Nada Knežević, Director of Vienna’s office of Chamber of Commerce and Industry of Serbia – We are Providing direct support to Serbian businesses

The turning point was 2018 was when the value of the trade between the two countries exceeded 1 billion euro

Vienna is an important political and business centre, as well as the place of residence for many Serbian citizens so, in that sense, is also a space for improving cooperation with the help of the representatives of the Serbian economy. The role of the representative office of the Chamber of Commerce and Industry of Serbia (CCIS) in Vienna is to facilitate and improve the economic activities and operations of Serbian companies in Austria. The representative office works on boosting political and economic cooperation, providing direct support to Serbian businesses and disseminating information that is important for Serbian companies. We talked with the director of the CCIS representative office in Vienna, Nada Knežević, about the Office’s activities, results and plans.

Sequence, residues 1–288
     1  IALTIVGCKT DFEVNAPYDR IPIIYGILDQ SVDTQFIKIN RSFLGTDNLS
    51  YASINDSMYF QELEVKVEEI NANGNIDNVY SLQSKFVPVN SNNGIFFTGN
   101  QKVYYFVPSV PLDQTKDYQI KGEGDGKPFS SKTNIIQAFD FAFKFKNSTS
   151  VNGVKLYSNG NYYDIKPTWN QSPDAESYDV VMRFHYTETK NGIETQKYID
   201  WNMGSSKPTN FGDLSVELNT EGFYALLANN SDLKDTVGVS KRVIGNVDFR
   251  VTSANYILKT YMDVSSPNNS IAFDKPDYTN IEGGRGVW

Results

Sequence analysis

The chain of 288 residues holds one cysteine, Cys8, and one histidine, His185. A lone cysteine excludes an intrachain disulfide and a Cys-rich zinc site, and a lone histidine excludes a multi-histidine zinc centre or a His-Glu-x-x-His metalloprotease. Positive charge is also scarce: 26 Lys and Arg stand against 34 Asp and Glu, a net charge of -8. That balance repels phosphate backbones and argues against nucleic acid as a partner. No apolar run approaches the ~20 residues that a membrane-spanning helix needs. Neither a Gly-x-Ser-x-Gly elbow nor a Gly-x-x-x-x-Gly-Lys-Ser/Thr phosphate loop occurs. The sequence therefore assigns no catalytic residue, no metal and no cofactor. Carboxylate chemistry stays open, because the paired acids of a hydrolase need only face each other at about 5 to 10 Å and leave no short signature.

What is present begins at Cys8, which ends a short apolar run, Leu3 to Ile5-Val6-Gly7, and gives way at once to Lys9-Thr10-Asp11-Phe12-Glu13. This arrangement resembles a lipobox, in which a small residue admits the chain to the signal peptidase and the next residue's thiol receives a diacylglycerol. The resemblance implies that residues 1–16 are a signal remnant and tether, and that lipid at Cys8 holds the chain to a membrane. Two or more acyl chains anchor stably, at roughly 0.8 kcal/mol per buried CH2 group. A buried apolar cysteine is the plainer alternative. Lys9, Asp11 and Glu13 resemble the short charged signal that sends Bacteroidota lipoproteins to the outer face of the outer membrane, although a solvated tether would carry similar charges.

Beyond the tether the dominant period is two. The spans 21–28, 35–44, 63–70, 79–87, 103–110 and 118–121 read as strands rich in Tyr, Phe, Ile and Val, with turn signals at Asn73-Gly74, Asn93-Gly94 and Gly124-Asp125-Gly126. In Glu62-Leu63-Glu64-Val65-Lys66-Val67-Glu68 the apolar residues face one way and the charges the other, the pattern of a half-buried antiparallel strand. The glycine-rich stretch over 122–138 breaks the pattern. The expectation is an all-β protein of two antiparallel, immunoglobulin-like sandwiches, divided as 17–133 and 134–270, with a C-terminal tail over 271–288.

Nada Knežević, Director of Vienna’s office of Chamber of Commerce and Industry of Serbia

How does the representation of the Chamber of Commerce and Industry of Serbia in Vienna contribute to the development of the Serbian economy?

The representative office of the Chamber of Commerce and Industry of Serbia in Vienna was established in 2005 to provide additional support to Serbian companies that are interested in establishing business cooperation with Austrian companies. Serbian companies are usually interested in possibilities and ways of marketing their own products, looking for partners to establish cooperation or joint business presence in the Austrian or other markets, as well as searching for investors to expand their own business capacities in Serbia. In recent years, Serbian companies have been particularly interested in opening their own representative offices or companies in Austria with the primary goal of increasing their business activities in this market, but also to expand their business to other EU countries, primarily those of the German-speaking area in the EU. Almost all Serbian companies that have been successful in Austria, as a result, have been developing in Serbia in terms of increasing their capacity and number of workers, modernizing production and production equipment, but also in terms of final product quality and appearance, especially in design. The Austrian market is financially strong but at the same time, very demanding, so the competition is quite stiff.